May 27th, 2011

Speedy’s Guide to Benchrest Competition

Benchrest Hall of Famer Speedy Gonzalez has prepared a comprehensive Guide to Benchrest Competition. It covers all aspects of the game: gear selection (hardware), reloading methods and tools, plus shooting skills and strategies. All of this is available on the web for free, thanks to Speedy and the Swedish Benchrest Shooters Association (SBRSA).

CLICK HERE to read Speedy’s Guide to Benchrest Shooting.

Benchrest Speedy PPC

Speedy’s article is a gold-mine of info on shooting components and specialized reloading tools. It is also richly illustrated with high-quality photos showing gun components and reloading gear. Many of the photos show tools that have been sectioned so you can view the internal components.

Speedy also covers bullet design, and load tuning. There are thoughtful sections on Time Management and Target Management that will benefit all competitive shooters, no matter what their discipline.

Permalink - Articles, Reloading, Shooting Skills 4 Comments »
May 27th, 2011

Home-Built Bullets — A Success Story from Al Nyhus

Forum regular Al Nyhus has tried his hand at bullet making, producing custom 30-caliber projectiles for his 30 BR match rifles. With guidance from his “guru”, bullet-smith Randy Robinett of BIB Bullets, Al has produced some very impressive bullets. This demonstrates that with patience, determination, and the right tools and components, amazing results are possible, even for a novice bullet-maker.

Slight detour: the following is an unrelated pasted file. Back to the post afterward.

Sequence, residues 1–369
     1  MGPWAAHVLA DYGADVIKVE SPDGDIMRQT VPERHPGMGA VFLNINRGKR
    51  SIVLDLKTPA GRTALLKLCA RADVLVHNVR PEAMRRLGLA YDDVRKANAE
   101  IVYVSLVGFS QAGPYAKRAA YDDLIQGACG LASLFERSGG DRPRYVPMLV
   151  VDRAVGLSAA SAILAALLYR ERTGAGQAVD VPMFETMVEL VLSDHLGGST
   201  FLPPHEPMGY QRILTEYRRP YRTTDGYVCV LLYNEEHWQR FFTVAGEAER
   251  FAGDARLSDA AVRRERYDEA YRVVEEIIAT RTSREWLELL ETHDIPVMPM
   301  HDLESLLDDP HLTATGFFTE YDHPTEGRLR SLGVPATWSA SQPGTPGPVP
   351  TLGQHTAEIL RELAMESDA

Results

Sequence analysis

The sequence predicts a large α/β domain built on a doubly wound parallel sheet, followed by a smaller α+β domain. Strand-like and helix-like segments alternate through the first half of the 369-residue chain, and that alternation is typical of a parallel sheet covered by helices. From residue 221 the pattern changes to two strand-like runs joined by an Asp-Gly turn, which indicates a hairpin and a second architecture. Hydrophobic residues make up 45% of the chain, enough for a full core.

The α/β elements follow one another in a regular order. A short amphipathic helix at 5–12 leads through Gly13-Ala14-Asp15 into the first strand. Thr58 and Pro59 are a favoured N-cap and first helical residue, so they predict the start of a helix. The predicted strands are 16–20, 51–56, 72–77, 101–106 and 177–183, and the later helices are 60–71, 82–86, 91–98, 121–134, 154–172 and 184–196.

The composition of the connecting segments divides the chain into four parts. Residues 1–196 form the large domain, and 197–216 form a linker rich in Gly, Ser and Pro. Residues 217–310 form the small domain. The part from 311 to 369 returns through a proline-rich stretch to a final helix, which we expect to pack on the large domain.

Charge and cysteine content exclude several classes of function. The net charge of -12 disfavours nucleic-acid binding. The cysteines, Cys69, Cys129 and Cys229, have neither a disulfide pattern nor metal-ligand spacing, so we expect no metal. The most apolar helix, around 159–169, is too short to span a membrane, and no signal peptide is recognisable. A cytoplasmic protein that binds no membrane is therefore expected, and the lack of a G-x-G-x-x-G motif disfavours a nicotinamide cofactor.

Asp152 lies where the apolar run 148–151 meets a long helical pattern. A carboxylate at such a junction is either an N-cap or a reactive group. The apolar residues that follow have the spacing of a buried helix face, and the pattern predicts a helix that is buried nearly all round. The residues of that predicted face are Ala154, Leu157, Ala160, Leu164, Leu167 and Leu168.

Al writes: “Thought I’d post some updated info on my 30 Caliber bullet making adventure. It’s been a lot of fun and a real learning experience. I’d like to thank Randy Robinett for all his patient teaching and guidance. The bullets have been working well in competition, being used to win the Varmint for Score portion of the IBS Wisconsin State Two Gun Championship [in 2007].”

The Targets Don’t Lie — These Are Quality Bullets
Here are two photos from bullet testing. In the 100-yard, 15-round target, the wind velocity was purposely ignored and the group was fired only with the same flag angle, trying to determine how they worked in the wind. Winds were 12-18 mph from 4 o’clock.

Nyhus 30 BR bulletsNyhus 30 BR bullets

This 200-yard group was fired in near perfect test conditions — overcast, early in the morning, with no mirage. We usually have a small window of what I call ‘Happy Hour’ before the winds crank up.”

NOTE: Al’s 30 BR rifle was smithed by Stan Ware of SGR Custom Rifles.

Measuring Group Size
Note how Al measures his groups. Look at the top photo. You’ll see Al starts with the extreme outside edge of the hole, including the gray edge or ring. Then Al subtracts .290″, the TRUE size of one bullet-hole in the paper, as opposed to .308″, the nominal bullet diameter. If you simply subtract a full bullet diameter you will get a smaller number for your group size. That’s good for your ego, but Al’s method is more accurate because a bullet normally cuts a hole that is smaller than the actual bullet diameter.

Permalink Bullets, Brass, Ammo, Gunsmithing 2 Comments »